Twelfth week of 2018 edition!
This is a Crow’s eye view of the posts that caught my attention this week. Typically, they’ll be posts that celebrate some aspect of anime, in particular strong characters, intricate plots, or amazing worlds.
There are only two rules:
- I have to find the site to read it. So, if you never see your site mentioned, it might be that I don’t know it’s there! Please feel free to mention your site in the comments.
- Your post had to have been published during the last seven days (or so)
You can find a list of the sites I check every week here.
There’re a lot of good posts in the anime space. I hope this post helps you find some of them!
Want to know what happens when an anime brings together all of the elements of story in a powerful and emotionally satisfying way? AngryAnimeBitches describes just that in A Place Further Than the Universe’s 12th episode, where it all came together. If you didn’t watch the series, it’s worth watching the first 11 episodes just to experience the full impact of the 12th — and the first 11 episodes are pretty great, too! I like how the post from AngryAnimeBitches captured the nuances of the episode’s setup and the impact of the final scenes.
Have you ever come across a title and you think, “Jeesh! I can’t watch that! My < insert significant other’s name > would think I’m a complete perv!” I had that experience with Is It Wrong to Try to Pick Up Girls in a Dungeon, which I found out later was a lot of fun! And it was even worse for Akiba’s Trip: The Animation, because I had been aware of the game and its risque premise. But you know what? This show, too, was a lot of fun! The post from Anime Q & A may convince you to watch the show if you haven’t already. And if you have, it might reassure you that it wasn’t a bad choice at all.
“Loved ones will always watch over you” — letters in Violet Evergarden and A Place Further than the Universe
If the post from AngryAnimeBitches didn’t convince you of the authenticity in the 12th episode of A Place Further than the Universe, (a low probability, I know!), then maybe this post from ATELIER EMILY, for me in full bloom will! This article starts by wondering if this show and Violet Evergarden are being emotionally manipulative — and I have to say I endorse the answer!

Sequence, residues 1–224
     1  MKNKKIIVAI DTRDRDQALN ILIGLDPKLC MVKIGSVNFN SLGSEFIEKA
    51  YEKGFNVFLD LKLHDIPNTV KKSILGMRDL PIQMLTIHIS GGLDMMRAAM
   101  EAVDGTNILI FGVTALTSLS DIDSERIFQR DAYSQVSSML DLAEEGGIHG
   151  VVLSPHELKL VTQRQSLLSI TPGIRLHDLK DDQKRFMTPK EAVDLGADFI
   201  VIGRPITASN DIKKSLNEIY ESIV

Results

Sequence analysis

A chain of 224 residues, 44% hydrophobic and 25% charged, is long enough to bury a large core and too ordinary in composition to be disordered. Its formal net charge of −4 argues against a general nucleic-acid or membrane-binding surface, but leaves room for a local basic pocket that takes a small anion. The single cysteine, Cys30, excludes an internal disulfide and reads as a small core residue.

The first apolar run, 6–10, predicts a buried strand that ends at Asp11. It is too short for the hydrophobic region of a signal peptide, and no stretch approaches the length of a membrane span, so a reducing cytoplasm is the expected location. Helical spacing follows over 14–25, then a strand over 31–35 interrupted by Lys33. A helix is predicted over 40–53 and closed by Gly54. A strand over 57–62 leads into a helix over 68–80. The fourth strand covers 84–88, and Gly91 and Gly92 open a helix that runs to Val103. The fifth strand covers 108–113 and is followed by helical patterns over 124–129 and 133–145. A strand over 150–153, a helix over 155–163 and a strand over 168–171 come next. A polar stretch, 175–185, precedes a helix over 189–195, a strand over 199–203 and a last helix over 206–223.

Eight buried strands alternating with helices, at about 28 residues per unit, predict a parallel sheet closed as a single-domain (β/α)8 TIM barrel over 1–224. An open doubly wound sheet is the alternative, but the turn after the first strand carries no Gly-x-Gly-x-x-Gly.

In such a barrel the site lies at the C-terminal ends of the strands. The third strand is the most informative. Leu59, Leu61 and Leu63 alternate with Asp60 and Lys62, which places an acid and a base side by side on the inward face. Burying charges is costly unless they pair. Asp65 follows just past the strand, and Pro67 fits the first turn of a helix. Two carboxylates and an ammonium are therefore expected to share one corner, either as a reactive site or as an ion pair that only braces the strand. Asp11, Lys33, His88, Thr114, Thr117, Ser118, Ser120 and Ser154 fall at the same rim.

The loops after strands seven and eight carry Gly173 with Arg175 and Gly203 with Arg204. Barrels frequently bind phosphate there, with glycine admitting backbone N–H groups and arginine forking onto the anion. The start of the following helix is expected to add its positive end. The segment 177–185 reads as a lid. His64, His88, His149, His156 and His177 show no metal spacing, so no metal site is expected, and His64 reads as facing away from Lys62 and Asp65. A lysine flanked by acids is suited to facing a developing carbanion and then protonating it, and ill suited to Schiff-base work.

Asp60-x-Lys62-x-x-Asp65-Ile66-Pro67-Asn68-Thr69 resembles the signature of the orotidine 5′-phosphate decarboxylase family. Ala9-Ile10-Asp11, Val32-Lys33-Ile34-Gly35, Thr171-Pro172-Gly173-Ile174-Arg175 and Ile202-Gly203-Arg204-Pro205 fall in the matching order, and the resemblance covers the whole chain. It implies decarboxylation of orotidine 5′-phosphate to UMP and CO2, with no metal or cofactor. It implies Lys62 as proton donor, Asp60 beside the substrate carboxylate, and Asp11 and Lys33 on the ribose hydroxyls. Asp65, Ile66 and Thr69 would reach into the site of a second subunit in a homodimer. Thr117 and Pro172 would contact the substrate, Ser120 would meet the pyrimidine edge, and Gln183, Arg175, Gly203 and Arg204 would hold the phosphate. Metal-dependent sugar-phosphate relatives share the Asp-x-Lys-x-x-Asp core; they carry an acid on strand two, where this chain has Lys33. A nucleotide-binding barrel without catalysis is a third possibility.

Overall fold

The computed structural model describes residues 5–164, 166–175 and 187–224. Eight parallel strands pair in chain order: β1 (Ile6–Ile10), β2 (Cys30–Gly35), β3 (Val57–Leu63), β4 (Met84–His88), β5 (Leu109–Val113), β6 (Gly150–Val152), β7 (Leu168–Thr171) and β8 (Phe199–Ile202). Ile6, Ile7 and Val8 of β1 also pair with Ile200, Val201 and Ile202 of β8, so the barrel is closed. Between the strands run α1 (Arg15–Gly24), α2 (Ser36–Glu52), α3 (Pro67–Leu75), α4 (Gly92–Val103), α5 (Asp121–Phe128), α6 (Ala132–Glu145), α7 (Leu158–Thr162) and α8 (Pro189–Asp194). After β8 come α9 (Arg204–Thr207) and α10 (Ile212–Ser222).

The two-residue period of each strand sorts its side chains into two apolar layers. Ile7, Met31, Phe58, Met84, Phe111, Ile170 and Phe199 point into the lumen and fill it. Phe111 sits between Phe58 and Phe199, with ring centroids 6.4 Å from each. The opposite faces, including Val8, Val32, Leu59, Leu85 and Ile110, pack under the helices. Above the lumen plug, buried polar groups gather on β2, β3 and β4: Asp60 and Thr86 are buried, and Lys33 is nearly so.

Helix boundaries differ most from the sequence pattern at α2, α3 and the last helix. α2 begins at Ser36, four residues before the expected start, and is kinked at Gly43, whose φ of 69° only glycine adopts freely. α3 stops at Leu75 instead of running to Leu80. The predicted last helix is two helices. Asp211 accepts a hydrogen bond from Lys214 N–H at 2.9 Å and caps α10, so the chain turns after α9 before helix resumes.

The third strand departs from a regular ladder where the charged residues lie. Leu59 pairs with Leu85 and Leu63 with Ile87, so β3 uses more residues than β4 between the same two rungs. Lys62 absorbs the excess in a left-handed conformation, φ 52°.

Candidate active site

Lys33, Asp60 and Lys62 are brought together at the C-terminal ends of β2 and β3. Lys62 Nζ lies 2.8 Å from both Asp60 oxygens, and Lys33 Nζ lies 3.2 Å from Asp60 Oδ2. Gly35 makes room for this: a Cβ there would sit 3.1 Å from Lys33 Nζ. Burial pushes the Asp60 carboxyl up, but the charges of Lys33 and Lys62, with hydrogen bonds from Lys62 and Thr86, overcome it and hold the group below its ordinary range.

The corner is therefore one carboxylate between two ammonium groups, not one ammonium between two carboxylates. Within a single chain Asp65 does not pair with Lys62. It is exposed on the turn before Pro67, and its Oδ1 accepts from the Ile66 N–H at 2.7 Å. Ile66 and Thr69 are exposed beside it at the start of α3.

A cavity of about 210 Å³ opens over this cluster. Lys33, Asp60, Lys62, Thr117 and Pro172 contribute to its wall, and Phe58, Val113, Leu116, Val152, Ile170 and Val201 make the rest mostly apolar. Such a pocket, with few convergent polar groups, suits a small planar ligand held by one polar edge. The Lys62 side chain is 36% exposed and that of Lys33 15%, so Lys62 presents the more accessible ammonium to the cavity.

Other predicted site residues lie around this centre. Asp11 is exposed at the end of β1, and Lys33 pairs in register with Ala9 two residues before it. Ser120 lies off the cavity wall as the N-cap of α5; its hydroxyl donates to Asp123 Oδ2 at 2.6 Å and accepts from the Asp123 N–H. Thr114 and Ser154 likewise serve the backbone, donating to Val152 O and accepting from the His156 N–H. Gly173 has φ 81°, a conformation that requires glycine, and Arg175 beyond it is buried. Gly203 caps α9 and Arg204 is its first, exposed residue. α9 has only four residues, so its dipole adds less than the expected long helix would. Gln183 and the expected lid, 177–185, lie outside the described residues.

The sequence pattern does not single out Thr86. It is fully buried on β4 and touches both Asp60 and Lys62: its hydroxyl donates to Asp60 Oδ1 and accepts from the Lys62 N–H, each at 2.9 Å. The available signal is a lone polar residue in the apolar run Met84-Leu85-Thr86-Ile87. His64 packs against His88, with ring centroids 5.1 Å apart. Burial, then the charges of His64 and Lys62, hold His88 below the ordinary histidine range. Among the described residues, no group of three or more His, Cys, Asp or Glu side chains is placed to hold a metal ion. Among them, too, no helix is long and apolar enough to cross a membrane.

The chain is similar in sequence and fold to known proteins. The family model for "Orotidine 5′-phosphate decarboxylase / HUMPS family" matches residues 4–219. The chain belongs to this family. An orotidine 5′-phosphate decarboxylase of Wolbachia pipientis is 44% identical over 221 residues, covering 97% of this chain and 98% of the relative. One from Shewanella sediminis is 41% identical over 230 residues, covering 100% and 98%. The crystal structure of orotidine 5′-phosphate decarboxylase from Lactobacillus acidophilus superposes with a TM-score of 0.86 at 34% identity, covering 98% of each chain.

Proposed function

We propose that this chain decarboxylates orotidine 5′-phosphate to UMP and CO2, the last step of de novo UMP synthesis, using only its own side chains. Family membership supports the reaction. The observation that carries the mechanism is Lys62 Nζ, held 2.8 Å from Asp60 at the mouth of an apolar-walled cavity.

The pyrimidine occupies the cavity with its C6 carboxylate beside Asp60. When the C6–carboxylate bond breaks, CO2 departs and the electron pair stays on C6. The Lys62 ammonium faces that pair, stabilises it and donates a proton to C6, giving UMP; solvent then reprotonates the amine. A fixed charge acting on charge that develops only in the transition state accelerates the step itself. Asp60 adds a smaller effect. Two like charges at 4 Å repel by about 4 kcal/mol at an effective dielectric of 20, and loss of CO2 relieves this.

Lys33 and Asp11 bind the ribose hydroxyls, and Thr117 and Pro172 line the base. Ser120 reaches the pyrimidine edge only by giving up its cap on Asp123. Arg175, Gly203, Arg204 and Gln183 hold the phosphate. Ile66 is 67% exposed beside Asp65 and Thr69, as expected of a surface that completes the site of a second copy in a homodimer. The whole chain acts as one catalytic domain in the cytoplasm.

If you read any of my reviews of Concrete Revolutio, then you know I appreciate good political commentary and themes. I also appreciate when a post can make me reevaluate my impression of a series, like this post did from Floating into Bliss. When I watched it, I enjoyed Gatchaman Crowds for its unusual and complex characters, but somehow I completely missed the political overtones. Looking back through the lens of Floating into Bliss’ post, I can see that I didn’t take the series seriously enough. Looks like a rewatch might be in my future!
Truth be told, I’m still struggling with my own thoughts and feelings about Darling in the FranXX. I’m haunted by Mage in a Barrel’s post Your Body is Not Your Own: Darling in the FranXX and Sexual Agency (or the Lack Thereof). Now I read a work from For Great Justice that clearly articulates other concerns I’ve had. The post is really balanced, pointing out things like “art which constructs itself around a dangerous perspective… yet fails to meaningfully comment on that perspective is not inherently unhelpful or without purpose…” And then it goes on to suggest how this anime is being so unhelpful. I keep holding out hope for the series, but even I, as someone who runs a site doggedly focused on celebrating anime, am beginning to wonder…
I enjoy a review that helps me see an episode or movie from a different perspective. This post from I Drink and Watch Anime on one hand resonated with how I reacted to Shelter the first time I watched it, but then it gave me even more reason to like it by placing the work in context of other works like Pixar’s UP. I thought this post had such a lovely take on the show and how we as viewers react to it that I had to share.
It must be nostalgia week here at Crow’s World of Anime! First Gatchaman Crowds, and now Gargantia on the Verdurous Planet! At first, I watched Gargantia for what I still consider one of the best deep space battles I’ve ever seen (episode 1). Then, I stayed because of all the things that Lita Kino Anime Corner’s post talk about. If you haven’t seen the series, I think you might want to after reading this post. If you have seen it, then you might just want to watch it again!
I continue to be impressed with Violet Evergarden (or I would be if I could legally watch it yet!). It’s not just for the emotional impact, or the strong characters, or the dynamic plotting. It’s a more subtle thing, and I think this post from Random Curiosity clearly articulates what that it.